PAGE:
A major variation was observed in the digestibility of LPs, with digestibility values ranging approximately 76.4–84.2% (Table 1). The digestibility of LPs increased from 76.4 to 82.6% on day 3 of fermentation and reached 84.2% on day 5. A study by Chandra-Hioe et al. [6] on desi chickpea flour showed that the lyophilised yoghurt cultures containing Streptococcus bulgaricus and Lactobacillus managed to improve the protein digestibility from 70.5 to over 77.2%. Hence, the increase in the protein digestibility of LPs was expected since WKS has been reported to possess a high concentration of yeasts (Saccharomyces, Candida, and Kluyveromyces) and lactic acid bacteria (Streptococcus, Lactococcus, Leuconostoc, and Lactobacillus), as well as some acetic acid bacteria [10].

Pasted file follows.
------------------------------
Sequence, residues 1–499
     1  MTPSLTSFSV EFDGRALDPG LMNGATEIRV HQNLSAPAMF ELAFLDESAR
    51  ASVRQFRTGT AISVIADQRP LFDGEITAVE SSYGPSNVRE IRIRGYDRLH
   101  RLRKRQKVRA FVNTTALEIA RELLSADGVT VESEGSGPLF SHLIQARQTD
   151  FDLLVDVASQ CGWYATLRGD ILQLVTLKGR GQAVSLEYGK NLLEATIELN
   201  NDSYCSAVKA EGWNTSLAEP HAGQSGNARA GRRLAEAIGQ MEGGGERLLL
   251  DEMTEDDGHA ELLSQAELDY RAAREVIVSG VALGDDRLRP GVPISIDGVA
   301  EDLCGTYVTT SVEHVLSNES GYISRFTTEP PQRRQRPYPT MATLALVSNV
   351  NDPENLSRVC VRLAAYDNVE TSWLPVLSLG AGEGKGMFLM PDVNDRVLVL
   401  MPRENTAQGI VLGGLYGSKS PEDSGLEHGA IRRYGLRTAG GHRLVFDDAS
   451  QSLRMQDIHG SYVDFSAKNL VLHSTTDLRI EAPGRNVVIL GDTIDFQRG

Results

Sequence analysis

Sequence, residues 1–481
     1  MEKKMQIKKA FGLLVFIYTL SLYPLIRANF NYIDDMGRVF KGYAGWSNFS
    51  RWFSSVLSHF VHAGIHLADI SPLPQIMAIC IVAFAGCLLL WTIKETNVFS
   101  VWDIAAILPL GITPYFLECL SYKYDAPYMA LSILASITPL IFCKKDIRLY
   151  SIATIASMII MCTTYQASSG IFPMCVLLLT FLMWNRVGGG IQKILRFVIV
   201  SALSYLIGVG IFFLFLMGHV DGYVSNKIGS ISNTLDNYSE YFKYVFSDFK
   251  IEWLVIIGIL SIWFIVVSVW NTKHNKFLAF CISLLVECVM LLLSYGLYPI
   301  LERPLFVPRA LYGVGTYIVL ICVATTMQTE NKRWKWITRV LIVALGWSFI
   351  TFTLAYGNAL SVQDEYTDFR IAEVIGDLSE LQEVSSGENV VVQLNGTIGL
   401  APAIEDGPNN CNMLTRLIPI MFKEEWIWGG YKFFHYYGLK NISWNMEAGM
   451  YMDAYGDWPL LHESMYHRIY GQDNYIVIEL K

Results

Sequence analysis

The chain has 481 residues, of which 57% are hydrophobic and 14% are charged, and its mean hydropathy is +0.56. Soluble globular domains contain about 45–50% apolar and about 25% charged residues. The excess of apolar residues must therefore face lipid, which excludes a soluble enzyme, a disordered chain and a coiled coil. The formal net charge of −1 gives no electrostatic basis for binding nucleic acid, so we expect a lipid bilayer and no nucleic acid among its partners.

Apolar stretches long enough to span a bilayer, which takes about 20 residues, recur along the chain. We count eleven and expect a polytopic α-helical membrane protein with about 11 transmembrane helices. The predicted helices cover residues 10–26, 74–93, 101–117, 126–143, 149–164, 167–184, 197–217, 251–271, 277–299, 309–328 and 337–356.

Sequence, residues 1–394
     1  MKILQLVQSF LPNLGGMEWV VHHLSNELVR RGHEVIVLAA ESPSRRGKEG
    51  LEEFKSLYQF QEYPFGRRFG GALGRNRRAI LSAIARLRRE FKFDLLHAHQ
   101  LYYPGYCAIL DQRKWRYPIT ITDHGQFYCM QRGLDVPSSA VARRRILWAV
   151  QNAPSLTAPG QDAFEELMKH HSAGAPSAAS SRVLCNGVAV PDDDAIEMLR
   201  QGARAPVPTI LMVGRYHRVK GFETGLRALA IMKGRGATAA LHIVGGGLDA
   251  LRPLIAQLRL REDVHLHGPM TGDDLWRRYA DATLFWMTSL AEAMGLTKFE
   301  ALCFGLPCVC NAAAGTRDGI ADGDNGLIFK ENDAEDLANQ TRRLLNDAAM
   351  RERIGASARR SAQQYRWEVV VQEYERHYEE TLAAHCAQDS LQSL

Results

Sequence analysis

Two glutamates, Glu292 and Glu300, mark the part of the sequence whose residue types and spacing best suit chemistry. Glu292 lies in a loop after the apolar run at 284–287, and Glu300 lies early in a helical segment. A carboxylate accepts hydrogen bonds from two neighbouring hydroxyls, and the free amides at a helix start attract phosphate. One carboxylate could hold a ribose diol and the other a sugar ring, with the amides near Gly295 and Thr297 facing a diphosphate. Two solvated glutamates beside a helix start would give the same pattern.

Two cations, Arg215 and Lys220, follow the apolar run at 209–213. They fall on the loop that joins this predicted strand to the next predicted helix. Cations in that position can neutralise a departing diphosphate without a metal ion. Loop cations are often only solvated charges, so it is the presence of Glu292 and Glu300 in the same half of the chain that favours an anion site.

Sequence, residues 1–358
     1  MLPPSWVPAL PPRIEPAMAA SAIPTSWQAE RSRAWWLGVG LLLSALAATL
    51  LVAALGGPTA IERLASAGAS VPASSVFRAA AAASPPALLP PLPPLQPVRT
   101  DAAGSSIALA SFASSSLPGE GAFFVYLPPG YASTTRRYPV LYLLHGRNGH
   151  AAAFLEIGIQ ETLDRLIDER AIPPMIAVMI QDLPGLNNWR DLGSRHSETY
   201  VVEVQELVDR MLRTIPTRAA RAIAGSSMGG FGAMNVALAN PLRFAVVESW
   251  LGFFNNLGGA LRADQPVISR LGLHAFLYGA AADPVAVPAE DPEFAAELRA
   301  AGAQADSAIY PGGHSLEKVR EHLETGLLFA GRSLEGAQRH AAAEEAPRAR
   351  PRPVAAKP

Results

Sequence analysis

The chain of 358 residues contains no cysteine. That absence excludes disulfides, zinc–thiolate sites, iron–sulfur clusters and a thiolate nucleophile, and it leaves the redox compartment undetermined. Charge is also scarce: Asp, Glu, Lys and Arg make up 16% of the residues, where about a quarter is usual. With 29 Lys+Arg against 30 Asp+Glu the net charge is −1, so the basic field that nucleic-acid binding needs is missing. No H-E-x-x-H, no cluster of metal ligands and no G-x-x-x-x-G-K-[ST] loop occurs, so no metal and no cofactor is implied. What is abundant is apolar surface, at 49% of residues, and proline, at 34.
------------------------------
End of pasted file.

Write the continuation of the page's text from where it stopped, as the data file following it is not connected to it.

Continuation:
No significant changes ( > 0.05) on the digestibility of fermented LPs were observed from day 3 up to day 5 (Table 1). This result could be attributed to the decrease in protein cross-linking stimulated by the existence of antioxidants and the phenolic contents of nonnutritive compounds that can cause proteolytic attacks. The increase of digestibility of fermented LPs is associated with the hydrolysis of protein and nonnutritive compounds in LPs. Studies conducted by Mugula et al. [20] and Pranoto et al. [21] had proved that Lactobacillus plantarum has proteolytic activity. Proteolysis of protein leads to the generation of amino acids and peptides during fermentation, leading to an increase in protein digestibility.

3.3. Effect of WKS Fermentation on the Phenolic Compounds of LPs